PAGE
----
Three months after the country elected its first black president, the NAACP today celebrates it centennial as the nation’s most well-known civil rights organization.
Members of northeast Kansas NAACP branches say President Barack Obama taking office gives the organization a boost, decades after several other significant achievements.
“His election demonstrated support from both African Americans and the white community,” said Deborah Dandridge, an NAACP member and an associate librarian at Kansas University’s Spencer Research Library. “That’s exactly what the NAACP has represented. Its founders were both African-American and white. It was founded as an interracial organization.”
Founders started the organization Feb. 12, 1909, the anniversary of Abraham Lincoln’s birth.
“It wouldn’t have existed this long if it was not needed,” said Robbie Derritt, a Lawrence real estate agent who is the new president of the NAACP’s Lawrence-Douglas County branch.
Kansas University’s Langston Hughes Center will present a symposium Friday to celebrate the founding and also honor Hughes, the legendary author who grew up in Lawrence and wrote a book in 1962 about the NAACP. The symposium will feature speakers from around the country. It is from 8 a.m. to 5 p.m. at Alderson Auditorium in the Kansas Union.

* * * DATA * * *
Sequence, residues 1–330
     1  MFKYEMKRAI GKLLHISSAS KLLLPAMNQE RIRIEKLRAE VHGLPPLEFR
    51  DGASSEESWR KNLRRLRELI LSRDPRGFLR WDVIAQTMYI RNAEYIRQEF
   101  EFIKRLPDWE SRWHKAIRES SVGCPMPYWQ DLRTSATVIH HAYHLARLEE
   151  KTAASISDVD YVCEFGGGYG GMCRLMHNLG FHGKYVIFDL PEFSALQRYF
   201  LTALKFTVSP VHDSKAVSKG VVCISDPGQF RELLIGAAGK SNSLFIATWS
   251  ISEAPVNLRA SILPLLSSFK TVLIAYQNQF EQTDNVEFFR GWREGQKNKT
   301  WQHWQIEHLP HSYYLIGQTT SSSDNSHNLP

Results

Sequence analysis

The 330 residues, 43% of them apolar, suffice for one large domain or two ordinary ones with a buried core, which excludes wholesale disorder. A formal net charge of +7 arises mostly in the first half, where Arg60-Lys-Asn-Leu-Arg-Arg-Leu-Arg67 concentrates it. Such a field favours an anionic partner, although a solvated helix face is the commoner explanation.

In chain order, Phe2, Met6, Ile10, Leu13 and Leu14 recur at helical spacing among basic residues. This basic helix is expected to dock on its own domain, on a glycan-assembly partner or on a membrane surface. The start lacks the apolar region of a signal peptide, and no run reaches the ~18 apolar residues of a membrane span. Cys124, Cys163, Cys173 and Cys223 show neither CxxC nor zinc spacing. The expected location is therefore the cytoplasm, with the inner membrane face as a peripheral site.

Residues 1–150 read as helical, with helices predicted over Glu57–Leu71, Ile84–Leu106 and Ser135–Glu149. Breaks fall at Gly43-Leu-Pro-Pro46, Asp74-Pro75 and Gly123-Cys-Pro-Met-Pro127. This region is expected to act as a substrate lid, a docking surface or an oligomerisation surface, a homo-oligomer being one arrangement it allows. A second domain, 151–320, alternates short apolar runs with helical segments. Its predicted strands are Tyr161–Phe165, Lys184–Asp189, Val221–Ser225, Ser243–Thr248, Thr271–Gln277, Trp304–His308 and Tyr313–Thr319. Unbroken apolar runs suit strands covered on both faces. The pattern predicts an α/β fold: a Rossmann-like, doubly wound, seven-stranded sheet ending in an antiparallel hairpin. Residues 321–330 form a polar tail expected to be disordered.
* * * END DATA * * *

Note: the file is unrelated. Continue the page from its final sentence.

Nationally, the NAACP helped lead the charge on major civil rights legislation and decisions in the 1960s and 1970s, said Shawn Alexander, an assistant KU professor of African-American studies and interim director of the Langston Hughes Center.
Lawrence residents said the NAACP also played an important role here over the decades as membership has ebbed and flowed. The Lawrence branch signed its charter in 1921, and the community struggled with some difficult periods of race relations in the 1960s and 1970s.
A group of KU students also revived an NAACP branch on campus last year.
As Derritt took over leadership for the Lawrence branch, he said he would like to give the organization a higher profile.
“Just to let more people know that we’re there. We’re here, and we’re here to service the community,” he said.
Obama’s election to the White House does not mean there’s no more work for the NAACP, because forms of discrimination still exist, members said.
“Even the legal battles are still there. It will definitely be necessary for the remainder of the 21st century,” said Dandridge, who is a member of the Topeka NAACP.
National NAACP leaders last week also unveiled an agenda of “attaining human rights for all” including focusing on education.
“The NAACP is not just an African-American organization. It’s an organization for equal rights for all,” Derritt said.